"We found that the neurons behaved very similarly to the monkeys," said Platt. "That is, as we increased the riskiness of a target, the neurons' activity would go up in the same way the monkey's frequency of choosing that target would go up. It was amazing the degree to which the activity of these neurons paralleled the behavior of the monkeys. They looked like they were signaling, in fact, the monkeys' subjective valuation of that target," he said. Further analysis of the neuronal activity indicated that, indeed, the neurons were reflecting the risk value the monkeys placed on the target, rather than an after-the-fact response to the payoff.
While Platt and McCoy believed they have isolated one component of the neural machinery of risk, they do not believe they have mapped the entire circuitry.
"We don't think the posterior cingulate cortex is by any means the only area that's important for assessing risk, for deciding what's valuable and for actually making a choice based on that valuation," said Platt. "We think that this is just part of a whole circuit that's involved in that process." However, he said, pinpointing a key region involved in risk assessment will enable further studies to map that circuitry.
"It's going to be interesting to trace this circuitry to see which parts of the brain are signaling something about subjective utility and which parts of the brain are signaling information about true reward and punishment experiences," said Platt.
He emphasized that such animal studies are a highly useful complement to human studies and genetic studies using mice. Neuroimaging studies in humans performing such tasks can identify brain regions involved in making decisions based on risk, he said.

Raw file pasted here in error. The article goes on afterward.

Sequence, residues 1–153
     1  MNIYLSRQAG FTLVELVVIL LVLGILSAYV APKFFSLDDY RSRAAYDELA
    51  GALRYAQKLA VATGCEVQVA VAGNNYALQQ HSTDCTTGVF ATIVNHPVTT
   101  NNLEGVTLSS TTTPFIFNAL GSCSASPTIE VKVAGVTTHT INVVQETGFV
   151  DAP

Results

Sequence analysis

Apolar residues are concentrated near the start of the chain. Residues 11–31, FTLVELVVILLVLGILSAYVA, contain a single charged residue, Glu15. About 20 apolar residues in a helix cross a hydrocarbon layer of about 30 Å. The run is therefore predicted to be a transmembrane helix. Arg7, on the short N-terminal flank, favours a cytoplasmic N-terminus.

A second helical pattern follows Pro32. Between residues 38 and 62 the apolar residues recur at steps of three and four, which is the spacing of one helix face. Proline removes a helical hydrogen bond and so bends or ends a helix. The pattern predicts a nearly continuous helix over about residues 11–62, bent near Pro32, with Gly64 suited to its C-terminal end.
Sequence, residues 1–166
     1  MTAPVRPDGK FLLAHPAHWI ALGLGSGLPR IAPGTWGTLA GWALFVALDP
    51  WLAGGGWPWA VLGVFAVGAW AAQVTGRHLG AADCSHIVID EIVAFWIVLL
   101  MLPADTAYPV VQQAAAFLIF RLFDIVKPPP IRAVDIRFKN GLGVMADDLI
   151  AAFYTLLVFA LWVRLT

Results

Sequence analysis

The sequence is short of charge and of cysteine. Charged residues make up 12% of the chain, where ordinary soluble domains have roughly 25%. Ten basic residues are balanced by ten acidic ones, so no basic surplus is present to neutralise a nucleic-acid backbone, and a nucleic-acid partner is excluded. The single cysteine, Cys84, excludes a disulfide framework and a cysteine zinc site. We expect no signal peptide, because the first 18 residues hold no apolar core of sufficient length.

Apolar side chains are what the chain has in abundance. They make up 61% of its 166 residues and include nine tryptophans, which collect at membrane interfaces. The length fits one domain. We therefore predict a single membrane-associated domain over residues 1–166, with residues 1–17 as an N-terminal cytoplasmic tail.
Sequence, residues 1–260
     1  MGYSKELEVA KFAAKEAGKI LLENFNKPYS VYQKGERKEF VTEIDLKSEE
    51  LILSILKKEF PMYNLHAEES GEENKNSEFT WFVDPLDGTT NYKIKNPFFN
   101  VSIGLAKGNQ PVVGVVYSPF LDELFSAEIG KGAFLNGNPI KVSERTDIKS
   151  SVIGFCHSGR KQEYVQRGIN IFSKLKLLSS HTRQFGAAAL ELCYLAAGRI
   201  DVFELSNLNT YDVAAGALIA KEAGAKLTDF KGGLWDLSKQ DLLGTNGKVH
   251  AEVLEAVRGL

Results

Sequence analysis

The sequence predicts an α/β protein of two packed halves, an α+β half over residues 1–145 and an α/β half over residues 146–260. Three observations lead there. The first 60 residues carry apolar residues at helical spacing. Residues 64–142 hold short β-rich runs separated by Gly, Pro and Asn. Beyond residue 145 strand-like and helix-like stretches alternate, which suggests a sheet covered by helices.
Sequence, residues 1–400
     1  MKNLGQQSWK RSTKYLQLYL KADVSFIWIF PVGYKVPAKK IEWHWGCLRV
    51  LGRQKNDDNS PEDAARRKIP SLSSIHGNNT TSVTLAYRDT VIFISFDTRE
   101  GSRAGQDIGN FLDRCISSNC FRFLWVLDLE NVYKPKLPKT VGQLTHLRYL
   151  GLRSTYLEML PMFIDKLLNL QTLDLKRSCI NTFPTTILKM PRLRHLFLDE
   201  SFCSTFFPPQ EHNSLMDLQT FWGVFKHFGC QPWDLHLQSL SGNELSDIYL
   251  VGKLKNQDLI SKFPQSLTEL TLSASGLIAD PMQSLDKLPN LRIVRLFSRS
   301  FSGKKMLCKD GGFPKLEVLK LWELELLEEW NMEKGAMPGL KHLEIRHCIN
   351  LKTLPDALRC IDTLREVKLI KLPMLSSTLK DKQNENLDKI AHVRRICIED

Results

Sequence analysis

"And then, using these animals, we can do electrophysiological studies that allow us to understand how the fundamental processing units of the brain -- single nerve cells -- actually process information about reward and risk and uncertainty; and how that information might contribute to the actual decision process that results in the monkey's choice," said Platt. What's more, he said, the monkey studies allow manipulation of the circuitry using drugs to determine how the circuitry might malfunction in human disorders.
"For example, it is believed that people who have low levels of the neurotransmitter serotonin might be more risk prone and impulsive," said Platt. "Disturbances in such neurotransmitter systems might be the basis of pathological conditions like pathological gambling, obsessive-compulsive disorder and depression. We can do pharmacological manipulation of the serotonin system in monkeys to see how it influences risk perception and risk preferences, and whether we see changes at the level of the single neurons that we're studying."
What's more, said Platt, the studies with monkeys can guide studies in mice, in which scientists can make genetic alterations in the mice and study the behavioral effects of those alterations. Such studies could contribute to understanding of the genetic basis of compulsive behaviors and other such behavioral disorders.